Accelerating water dissociation in bipolar membranes and for electrocatalysis

Easing water apart

Traditional setups for splitting water into hydrogen and oxygen operate either in acid or in base. A bipolar membrane can potentially enhance efficiency by bridging acidic hydrogen evolution to basic oxygen evolution. Oener et al. undertook a systematic study of how catalysts paired with such a membrane might accelerate the preliminary step of water dissociation into protons and hydroxide ions. Using insights from this study for optimal catalyst integration, they were able to substantially lower the overpotential of a bipolar membrane electrolyzer.

Science, this issue p. 1099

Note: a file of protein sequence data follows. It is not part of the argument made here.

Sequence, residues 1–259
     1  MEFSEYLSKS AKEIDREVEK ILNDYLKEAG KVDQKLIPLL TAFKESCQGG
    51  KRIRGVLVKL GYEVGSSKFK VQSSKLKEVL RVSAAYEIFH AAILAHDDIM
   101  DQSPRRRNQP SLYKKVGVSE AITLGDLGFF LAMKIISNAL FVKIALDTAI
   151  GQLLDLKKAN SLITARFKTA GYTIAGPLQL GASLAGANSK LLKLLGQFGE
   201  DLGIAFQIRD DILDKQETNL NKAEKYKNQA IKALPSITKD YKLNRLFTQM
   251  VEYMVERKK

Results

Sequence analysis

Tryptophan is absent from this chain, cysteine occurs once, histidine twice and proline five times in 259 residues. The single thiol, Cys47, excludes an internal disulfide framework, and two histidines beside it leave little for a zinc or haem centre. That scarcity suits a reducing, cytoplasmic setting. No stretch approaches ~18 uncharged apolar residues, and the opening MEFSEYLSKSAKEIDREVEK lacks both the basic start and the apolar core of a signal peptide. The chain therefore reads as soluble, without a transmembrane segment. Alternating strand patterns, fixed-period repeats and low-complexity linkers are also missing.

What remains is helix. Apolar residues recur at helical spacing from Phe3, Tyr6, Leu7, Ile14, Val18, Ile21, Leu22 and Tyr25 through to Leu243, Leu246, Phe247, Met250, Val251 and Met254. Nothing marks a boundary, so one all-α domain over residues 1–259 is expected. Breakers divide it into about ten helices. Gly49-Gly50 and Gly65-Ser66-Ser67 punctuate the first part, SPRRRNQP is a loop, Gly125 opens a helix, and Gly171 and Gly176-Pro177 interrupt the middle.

Catalyzing water dissociation (WD) into protons and hydroxide ions is important both for fabricating bipolar membranes (BPMs) that can couple different pH environments into a single electrochemical device and for accelerating electrocatalytic reactions that consume protons in neutral to alkaline media. We designed a BPM electrolyzer to quantitatively measure WD kinetics and show that, for metal nanoparticles, WD activity correlates with alkaline hydrogen evolution reaction activity. By combining metal-oxide WD catalysts that are efficient near the acidic proton-exchange layer with those efficient near the alkaline hydroxide-exchange layer, we demonstrate a BPM driving WD with overpotentials of <10 mV at 20 mA·cm−2 and pure water BPM electrolyzers that operate with an alkaline anode and acidic cathode at 500 mA·cm−2 with a total electrolysis voltage of ~2.2 V.

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